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January 29, 2023 – Privately held Cleveland Integrity Services, Inc.and one affiliate debtor (“CIS“ or the “Debtors”) filed for Chapter 11 protection with the U.S. Bankruptcy Court in the Southern District of Texas, lead case number 23-90052 (Judge Christopher M. Lopez). The Cleveland, Oklahoma based Debtors*, who offer "a complete range of services to assist in the construction and Implementation of pipeline, refinery, power plant and Mechanical Integrity projects," are represented by Aaron M. Kaufman of Gray Reed. Further board-authorized engagements include: (i) MACCO Restructuring Group as financial advisors, (ii) LLC Piper Sandler & Co. as financial advisors and investment bankers and (iii) Donlin Recano as claims agent.
*Via non-Debtor Eagle Infrastructure Services (which provides the Debtors with management-related services common to all of the operating companies sitting within Eagle), the Debtors are controlled by a fund managed by First Reserve, a private equity group based in Houston, Texas and Stamford, Connecticut (see structure chart below and portfolio list here).
The Debtors’ lead petition notes between 5,000 and 10,000 creditors; estimated assets between $10.0mn and $50.0mn; and estimated liabilities between $100.0mn and $500.0mn ($159.0mn of funded debt). Documents filed with the Court note that all but four of the Debtors' 30 largest unsecured creditors have disputed claims of "unknown" quantum related to personal injury and wrongful death lawsuits. Of the other four claims, one was for an "unknown"/disputed claim held by the IRS and three were trade claims, each less than $5k.
The Debtors' lead Petition notes that prepetition lenders have agreed to provide $30.0mn ($13.0mn new money) of DIP financing. Those prepetition lenders, parties to a restructuring support agreement (the "RSA") which has as it principal objective a going concern sale of the Debtors' assets, have also agreed to serve as a credit bidding stalking horse.
As to the solicitation of potential third party sources of DIP financing and the Debtors' decsion to ultimately engage with its prepetition lenders, the Debtors note: "Due to the meager showing by prospective bidders during Piper Sandler’s prepetition marketing efforts, the Debtors decided to engage with the Term Lenders to negotiate for a higher value through a base-line credit bid. The Term Lenders expressed a willingness to do so, but only through the chapter 11 sale process…"
Petition Date Highights
- Pipeline Construction and Servicing Company (controlled by First Reserve) Files for Bankruptcy with $157.0mn of Funded Debt
- Debtors Cite Failure to Recover from COVID after 25% Drop in Revenue from 2019 to 2020; also Note Rise of Uninsured Wage and Hour Litigation
- Debtors Agree RSA with Prepetition Lenders Led by Owl Rock which has Owl Rock Serving as Credit Bidding Stalking Horse for Debtors' Assets in Expedited 60-Day Sale Process
- Owl Rock Agrees to Provide $30.0mn of DIP Financing ($13.0mn New Money and $17.0mn Roll-up)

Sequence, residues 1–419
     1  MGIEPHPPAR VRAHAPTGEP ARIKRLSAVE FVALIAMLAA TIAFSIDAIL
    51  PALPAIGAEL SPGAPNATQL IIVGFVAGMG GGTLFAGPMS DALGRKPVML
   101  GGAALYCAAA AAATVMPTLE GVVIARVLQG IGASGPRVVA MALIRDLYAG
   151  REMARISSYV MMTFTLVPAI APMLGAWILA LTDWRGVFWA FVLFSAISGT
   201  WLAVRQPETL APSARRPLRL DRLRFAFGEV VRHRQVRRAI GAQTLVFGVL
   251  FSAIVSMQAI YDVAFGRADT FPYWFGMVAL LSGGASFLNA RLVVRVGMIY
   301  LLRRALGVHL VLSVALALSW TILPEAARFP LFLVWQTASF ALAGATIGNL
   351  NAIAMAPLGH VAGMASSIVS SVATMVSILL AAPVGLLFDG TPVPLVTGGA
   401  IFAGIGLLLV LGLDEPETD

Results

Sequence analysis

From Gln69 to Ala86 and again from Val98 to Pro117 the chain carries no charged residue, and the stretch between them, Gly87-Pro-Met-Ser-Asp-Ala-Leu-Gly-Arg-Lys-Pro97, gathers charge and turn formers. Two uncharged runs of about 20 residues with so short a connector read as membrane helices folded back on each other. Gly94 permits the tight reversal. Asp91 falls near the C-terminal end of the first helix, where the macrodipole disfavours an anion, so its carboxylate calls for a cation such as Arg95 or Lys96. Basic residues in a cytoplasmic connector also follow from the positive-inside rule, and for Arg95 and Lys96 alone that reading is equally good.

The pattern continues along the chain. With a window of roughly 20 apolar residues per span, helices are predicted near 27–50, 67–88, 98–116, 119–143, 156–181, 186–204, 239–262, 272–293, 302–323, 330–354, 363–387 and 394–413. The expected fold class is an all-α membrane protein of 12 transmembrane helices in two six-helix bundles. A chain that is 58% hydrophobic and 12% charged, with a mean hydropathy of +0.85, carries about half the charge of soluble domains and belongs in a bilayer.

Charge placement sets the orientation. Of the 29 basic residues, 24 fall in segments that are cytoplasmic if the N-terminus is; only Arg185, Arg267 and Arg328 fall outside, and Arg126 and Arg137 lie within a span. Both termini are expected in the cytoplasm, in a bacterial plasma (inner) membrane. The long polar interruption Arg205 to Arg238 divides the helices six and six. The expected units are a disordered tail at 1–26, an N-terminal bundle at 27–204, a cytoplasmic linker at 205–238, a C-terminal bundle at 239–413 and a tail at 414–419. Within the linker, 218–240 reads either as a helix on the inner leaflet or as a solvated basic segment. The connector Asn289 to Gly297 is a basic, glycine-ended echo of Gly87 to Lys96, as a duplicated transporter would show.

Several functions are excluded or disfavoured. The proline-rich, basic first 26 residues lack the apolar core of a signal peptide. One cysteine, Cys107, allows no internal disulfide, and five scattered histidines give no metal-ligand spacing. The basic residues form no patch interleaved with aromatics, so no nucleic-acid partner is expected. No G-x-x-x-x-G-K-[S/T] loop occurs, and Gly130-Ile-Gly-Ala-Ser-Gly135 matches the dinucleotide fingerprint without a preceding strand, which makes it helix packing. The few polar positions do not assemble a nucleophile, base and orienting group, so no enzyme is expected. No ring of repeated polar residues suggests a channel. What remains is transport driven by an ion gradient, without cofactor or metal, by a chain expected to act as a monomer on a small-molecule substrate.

Recent Financial Performance
CIS recorded over $117.0mn in revenues and $8.8mn in EBITDA in 2013. By 2019, those number had steadily increased to more than $380.0mnn and $22.0mn, respectively. For 2020, however, the Debtors’ revenues and earnings dropped by approximately 25% from the prior year.
RSA and Plan Overview
The Kesner Declaration (defined below) provides: "…through periodic forbearance amendments, the Prepetition Secured Lenders were willing to grant the Debtors and their non-debtor affiliates short term extensions of the maturity dates under the Prepetition Credit Agreements.
The last such extension granted was through January 17, 2023.
In an effort to negotiate for long term extensions of such maturity dates, the Debtors, their non-debtor affiliates and the Prepetition Secured Lenders reached
agreements memorialized in an RSA, dated January 29, 2023. Under the RSA, Owl Rock (or its designee) will acquire the assets and/or equity of Applied, Encompass, and Perennial through out-of- court transactions.
To effectuate these transfers and ensure sufficient working capital for the businesses to be acquired by Owl Rock (or its designee), the ABL Administrative Agent agreed to amend the ABL Credit Facility to provide more working capital and grant a 30-month extension of the maturity date to June 17, 2025. Under this amendment, the Debtors resigned from the ABL Credit Facility, and the ABL Lenders released the Debtors from all obligations, claims and liens
arising thereunder. As a result of this amendment, the Debtors’ only remaining prepetition secured obligations are those owing to the Term Lenders under the now-matured [$157.0mn] Term Loan Credit Agreement.
Under the terms of the RSA, the Debtor and the Term Lenders have agreed to terms for a debtor in possession loan and a stalking horse asset purchase agreement (the 'APA'), laying the groundwork for an orderly chapter 11 filing and sale process.
The key terms of the Transaction Documents include:
- Under the DIP Credit Agreement, the Loan Parties (as defined in the DIP Credit Agreement) will provide the Debtors with a $30 million super-priority senior secured priming term loan facility, comprised of $13 million in new money loans and an $17 million of roll-up;
- No later than fifty-five (55) calendar days after the Petition Date, the Debtors shall have obtained entry of an order authorizing a 363 Sale